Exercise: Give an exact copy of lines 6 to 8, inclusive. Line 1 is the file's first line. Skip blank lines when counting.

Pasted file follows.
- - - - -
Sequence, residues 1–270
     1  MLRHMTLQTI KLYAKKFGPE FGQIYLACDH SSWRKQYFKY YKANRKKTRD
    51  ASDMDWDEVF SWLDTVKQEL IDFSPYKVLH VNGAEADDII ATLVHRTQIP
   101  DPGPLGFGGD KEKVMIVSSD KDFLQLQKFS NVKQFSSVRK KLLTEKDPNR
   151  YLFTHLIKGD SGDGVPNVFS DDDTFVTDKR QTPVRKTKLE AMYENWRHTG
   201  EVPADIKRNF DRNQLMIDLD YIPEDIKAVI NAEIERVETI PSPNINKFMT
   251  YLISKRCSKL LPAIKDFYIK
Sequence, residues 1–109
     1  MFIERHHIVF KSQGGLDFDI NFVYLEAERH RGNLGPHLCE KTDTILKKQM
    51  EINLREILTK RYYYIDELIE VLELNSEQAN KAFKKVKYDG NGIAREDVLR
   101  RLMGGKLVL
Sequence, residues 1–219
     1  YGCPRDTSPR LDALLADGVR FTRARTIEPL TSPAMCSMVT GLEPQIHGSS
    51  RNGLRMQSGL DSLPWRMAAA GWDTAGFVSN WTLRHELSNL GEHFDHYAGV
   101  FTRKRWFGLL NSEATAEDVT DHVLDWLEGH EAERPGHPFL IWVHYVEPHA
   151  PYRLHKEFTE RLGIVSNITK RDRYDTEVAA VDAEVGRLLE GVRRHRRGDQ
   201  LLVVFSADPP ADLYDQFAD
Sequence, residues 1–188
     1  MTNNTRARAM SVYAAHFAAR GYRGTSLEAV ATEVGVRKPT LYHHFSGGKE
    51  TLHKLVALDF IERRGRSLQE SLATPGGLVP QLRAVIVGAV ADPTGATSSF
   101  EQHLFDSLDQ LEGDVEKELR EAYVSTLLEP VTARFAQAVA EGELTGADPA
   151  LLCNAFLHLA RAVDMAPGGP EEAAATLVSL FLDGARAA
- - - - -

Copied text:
   201  EVPADIKRNF DRNQLMIDLD YIPEDIKAVI NAEIERVETI PSPNINKFMT
   251  YLISKRCSKL LPAIKDFYIK
Sequence, residues 1–109